French carmaker Renault announced in a statement Wednesday that it has suspended all activities at its Moscow factory. The announcement comes as Ukrainian leaders have called for a boycott against the company, accused Renault of “sponsoring Russia’s war machine.”
Just one day earlier, Renault had said it was resuming production for three days only.
Regarding its involvement in major Russian car manufacturer AvtoVAZ, owned by Renault, the French carmaker said that it’s “assessing the available options, taking into account the current environment, while acting responsibly towards its 45,000 employees in Russia.”
The also company said it is “already implementing the necessary measures to comply with international sanctions.”
AvtoVAZ’s brand Lada represented nearly 21% of the Russian market in 2021, according to Renault Group’s financial results.
Earlier on Wednesday, Ukrainian President Volodymyr Zelensky called out major French companies, including Renault, by name for continuing their operations in Russia.
“Renault, Auchan, Leroy Merlin and others must stop being the sponsors of Russia’s war machine,” Zelensky said.
Ukrainian Foreign Minister Dmytro Kuleba went further, calling for a global boycott of the carmaker.
“Renault refuses to pull out of Russia. Not that it should surprise anyone when Renault supports a brutal war of aggression in Europe,” Kuleba said in a tweet. “But mistakes must come with a price, especially when repeated. I call on customers and businesses around the globe to boycott Group Renault.”
Renault declined to comment when asked by CNN if the decision to suspend its activities at the Moscow factory is connected to the strong words from Ukrainian leaders.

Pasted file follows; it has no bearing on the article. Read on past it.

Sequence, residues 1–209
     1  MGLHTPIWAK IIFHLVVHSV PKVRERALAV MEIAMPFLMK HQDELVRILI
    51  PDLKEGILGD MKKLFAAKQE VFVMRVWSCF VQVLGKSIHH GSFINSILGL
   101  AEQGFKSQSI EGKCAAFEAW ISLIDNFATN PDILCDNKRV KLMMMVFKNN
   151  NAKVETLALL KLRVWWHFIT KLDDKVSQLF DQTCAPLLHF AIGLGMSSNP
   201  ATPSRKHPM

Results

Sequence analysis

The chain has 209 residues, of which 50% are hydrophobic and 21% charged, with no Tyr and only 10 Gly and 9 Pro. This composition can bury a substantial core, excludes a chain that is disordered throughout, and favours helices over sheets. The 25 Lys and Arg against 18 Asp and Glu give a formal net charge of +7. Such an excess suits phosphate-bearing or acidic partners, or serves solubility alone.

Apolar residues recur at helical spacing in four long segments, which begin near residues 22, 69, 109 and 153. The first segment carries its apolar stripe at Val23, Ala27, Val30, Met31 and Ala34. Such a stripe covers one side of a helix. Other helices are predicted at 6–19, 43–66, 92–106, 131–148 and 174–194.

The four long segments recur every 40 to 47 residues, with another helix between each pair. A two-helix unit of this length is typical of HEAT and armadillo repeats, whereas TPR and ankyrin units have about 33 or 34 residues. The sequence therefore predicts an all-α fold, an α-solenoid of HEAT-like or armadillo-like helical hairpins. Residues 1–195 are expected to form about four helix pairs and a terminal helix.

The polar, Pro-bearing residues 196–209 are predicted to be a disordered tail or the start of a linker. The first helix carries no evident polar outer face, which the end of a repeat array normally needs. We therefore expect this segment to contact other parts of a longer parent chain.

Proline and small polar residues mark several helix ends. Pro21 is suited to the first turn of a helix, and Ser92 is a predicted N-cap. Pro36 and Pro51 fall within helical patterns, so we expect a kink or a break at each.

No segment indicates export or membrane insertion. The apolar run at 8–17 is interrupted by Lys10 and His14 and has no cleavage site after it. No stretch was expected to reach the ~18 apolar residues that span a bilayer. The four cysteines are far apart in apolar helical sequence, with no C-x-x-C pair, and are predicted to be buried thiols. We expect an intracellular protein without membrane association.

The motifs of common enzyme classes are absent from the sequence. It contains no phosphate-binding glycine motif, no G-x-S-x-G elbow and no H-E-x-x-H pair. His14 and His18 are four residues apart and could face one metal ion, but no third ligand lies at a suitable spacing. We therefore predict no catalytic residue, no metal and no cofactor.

Renault said in the statement that the value of its consolidated intangible assets, property, plant, equipment, and goodwill in Russia amounted to above $2.41 billion at the end of 2021.
A Russian-proposed draft resolution on the humanitarian situation in Ukraine failed to pass in the United Nations Security Council Wednesday evening.
Two countries voted in favor, zero countries voted against, and 13 countries, including the United States, abstained from the vote. Nine votes in favor were required for the resolution to pass.
US Ambassador to the United Nations Linda Thomas-Greenfield spoke ahead of the vote, stating that Russia was once again trying to use the Security Council to “provide cover for its brutal actions.”
“It really is unconscionable that Russia would have the audacity to put forward a resolution asking the international community to solve a human crisis that Russia alone created,” Thomas-Greenfield said. “Russia does not care about the deteriorating humanitarian conditions, or the millions of lives and dreams the war has shattered. If they cared, they would stop fighting.”
The US ambassador added that Russia’s resolution “makes no mention of its role as the sole cause of this crisis. And our vote [of abstention] will show that we will play no part in that.”